I: q ® q *

where

: q ® q*

*1

: q ® q*1

*2

: q ® q*2

q*1 º He1 q e1 L* q*2 º He2 q e2 L*

e1, e2, e3 are basis vectors The most important automorphism is the identity. Life is stable around small permutations of the identity:−) The conjugate flips the signs of the each component in the 3−vector. These two automorphisms, the identity and the conjugate, treat the 3−vector as a unit. The first and second conjugate flip the signs of all terms but the first and second terms, respectively. Therefore these operators act on only the two of the three components in the 3−vector. By acting on only two of three components, a commutator will behave differently. This small difference in behavior inside a commutator is what creates the ability to represent integral and half−integral spins.

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à Small Rotations Small rotations about the origin will now be calculated. These will then be expressed in terms of the four automorphisms discussed above. I will be following the approach used in J. J. Sakurai’s book "Modern Quantum Mechanics", chapter 3, making modifications necessary to accommodate quaternions. First, consider rotations about the origin in the z axis. Define:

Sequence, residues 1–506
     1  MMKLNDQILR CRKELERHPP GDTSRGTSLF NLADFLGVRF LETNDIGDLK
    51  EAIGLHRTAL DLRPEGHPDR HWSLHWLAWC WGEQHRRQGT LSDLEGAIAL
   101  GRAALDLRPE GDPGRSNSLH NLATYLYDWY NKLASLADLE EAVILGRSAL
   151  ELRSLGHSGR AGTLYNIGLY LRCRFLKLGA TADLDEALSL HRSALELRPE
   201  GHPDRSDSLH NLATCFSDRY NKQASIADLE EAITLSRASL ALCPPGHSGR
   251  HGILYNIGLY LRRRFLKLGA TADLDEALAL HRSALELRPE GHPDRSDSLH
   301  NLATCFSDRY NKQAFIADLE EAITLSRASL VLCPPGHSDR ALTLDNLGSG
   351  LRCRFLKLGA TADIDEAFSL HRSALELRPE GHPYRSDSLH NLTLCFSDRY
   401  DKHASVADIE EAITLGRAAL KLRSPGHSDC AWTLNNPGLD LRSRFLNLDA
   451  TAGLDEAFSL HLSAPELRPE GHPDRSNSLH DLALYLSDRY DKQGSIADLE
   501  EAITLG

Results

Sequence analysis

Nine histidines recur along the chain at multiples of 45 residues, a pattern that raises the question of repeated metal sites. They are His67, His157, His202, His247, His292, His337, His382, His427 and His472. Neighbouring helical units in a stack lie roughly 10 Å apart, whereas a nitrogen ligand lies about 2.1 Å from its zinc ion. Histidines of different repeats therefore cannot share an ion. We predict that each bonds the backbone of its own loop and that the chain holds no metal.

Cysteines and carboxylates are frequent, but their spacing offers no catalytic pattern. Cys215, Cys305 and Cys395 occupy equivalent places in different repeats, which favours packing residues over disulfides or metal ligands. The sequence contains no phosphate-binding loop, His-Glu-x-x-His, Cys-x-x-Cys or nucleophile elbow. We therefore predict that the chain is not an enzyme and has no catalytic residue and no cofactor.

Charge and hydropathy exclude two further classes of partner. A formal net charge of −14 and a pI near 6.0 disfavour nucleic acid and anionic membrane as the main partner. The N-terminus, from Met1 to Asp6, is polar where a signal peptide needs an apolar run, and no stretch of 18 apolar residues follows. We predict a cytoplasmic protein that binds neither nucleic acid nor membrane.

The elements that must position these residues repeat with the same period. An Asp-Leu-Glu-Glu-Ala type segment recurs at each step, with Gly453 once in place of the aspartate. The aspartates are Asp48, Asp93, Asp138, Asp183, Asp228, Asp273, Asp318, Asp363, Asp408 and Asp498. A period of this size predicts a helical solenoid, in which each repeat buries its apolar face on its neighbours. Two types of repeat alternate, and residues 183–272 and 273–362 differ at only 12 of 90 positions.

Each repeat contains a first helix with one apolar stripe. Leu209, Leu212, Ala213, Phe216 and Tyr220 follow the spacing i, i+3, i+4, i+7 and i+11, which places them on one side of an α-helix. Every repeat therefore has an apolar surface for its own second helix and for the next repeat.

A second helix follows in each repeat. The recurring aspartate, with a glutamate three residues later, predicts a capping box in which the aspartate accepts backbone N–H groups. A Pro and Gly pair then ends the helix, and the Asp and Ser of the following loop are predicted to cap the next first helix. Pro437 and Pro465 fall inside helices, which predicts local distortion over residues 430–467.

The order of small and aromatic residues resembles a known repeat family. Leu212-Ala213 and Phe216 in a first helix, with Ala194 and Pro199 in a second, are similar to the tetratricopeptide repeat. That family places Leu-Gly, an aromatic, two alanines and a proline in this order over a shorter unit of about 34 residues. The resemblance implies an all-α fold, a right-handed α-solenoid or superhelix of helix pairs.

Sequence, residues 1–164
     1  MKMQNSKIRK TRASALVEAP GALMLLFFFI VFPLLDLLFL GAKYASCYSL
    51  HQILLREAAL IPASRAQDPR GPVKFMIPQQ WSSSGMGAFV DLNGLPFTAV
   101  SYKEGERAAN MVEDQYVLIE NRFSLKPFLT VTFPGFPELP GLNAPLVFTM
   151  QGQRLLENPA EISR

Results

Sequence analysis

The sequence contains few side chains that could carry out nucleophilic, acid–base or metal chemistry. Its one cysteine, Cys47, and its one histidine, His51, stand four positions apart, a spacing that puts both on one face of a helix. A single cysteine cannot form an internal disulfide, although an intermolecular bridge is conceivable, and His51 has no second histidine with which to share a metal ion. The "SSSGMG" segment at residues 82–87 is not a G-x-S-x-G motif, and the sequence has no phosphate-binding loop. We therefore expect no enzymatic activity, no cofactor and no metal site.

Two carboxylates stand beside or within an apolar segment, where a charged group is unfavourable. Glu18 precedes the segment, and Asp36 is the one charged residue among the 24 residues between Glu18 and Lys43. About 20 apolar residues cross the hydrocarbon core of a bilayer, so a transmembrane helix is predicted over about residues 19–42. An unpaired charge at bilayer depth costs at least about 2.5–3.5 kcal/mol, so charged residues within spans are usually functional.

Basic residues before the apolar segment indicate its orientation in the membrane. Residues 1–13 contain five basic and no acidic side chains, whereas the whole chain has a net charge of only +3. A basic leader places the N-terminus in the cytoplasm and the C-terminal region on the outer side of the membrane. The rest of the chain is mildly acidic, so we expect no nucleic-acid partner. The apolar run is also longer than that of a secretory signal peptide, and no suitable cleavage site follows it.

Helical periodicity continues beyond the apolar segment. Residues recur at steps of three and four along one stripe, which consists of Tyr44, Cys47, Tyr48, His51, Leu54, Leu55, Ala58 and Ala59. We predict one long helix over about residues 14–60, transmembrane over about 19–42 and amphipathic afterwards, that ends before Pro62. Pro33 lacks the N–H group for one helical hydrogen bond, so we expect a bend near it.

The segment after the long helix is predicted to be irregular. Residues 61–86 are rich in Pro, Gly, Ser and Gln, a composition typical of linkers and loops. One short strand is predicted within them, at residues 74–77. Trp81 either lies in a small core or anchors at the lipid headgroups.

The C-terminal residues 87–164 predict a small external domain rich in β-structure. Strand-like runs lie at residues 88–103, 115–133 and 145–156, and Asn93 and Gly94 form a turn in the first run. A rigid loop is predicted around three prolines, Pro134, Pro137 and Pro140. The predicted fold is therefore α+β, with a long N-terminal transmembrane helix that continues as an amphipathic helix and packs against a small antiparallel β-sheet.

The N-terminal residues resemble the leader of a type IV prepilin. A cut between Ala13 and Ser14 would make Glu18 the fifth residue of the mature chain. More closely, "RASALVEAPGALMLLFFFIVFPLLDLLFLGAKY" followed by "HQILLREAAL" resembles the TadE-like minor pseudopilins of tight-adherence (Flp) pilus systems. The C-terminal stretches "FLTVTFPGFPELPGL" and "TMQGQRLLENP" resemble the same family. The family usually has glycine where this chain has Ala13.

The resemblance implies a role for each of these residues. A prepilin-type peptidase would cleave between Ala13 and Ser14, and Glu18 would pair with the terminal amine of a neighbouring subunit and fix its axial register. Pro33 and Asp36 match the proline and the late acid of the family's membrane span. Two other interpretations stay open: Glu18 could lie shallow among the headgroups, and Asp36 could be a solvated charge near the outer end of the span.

e3 Re3 =0 HΘL º Icos HΘL e0 , 0, 0, sin HΘL M 3 e1 e2 if q = I0, a1 , a2 , 0M 3 3

e1 Re3 =0 HΘL q = q ’ = I0, Ha1 cos HΘL - a2 sin HΘLL e0 , 3 e2 Ha2 cos HΘL + a1 sin HΘLL e0 , 0M 3 Two technical points. First, Sakurai considered rotations around any point along the z axis. This analysis is confined to the z axis at the origin, a significant but not unreasonable constraint. Second, these rotations are written with generalized coordinates instead of the very familiar and comfortable x, y, z. This extra effort will be useful when considering how rotations are effected by curved spacetime. This machinery is also necessary to do quaternion analysis (please see that section, it’s great :−)